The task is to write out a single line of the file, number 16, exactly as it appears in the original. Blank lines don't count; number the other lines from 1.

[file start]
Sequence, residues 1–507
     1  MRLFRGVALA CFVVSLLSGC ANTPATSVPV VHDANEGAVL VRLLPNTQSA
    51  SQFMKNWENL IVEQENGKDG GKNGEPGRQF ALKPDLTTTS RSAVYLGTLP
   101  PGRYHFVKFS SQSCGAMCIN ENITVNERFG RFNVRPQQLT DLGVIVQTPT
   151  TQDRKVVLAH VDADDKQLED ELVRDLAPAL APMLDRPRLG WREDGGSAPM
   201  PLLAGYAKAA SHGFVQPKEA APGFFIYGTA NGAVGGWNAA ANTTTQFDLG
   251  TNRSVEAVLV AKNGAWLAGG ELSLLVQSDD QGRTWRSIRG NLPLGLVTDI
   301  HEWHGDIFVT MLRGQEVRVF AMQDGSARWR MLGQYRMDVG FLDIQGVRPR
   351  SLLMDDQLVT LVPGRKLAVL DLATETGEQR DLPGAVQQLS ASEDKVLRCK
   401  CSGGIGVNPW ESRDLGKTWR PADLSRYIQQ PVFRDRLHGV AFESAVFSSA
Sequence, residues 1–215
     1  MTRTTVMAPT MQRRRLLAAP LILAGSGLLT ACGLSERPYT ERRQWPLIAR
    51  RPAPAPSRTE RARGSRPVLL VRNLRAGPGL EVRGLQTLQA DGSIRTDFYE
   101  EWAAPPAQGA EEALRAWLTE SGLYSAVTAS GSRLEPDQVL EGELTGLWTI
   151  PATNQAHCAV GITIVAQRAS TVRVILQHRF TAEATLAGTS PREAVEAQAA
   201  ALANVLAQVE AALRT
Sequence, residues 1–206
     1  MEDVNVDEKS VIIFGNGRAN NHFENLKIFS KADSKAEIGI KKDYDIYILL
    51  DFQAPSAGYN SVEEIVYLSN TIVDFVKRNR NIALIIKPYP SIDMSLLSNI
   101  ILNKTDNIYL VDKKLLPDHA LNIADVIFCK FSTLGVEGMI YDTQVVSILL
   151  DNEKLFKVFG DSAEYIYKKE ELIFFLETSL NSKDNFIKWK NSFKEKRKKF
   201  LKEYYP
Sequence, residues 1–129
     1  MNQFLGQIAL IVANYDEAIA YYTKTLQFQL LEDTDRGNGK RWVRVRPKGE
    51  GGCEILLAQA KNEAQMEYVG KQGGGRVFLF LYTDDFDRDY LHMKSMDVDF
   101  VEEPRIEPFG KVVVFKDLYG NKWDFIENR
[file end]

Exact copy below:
   201  ALANVLAQVE AALRT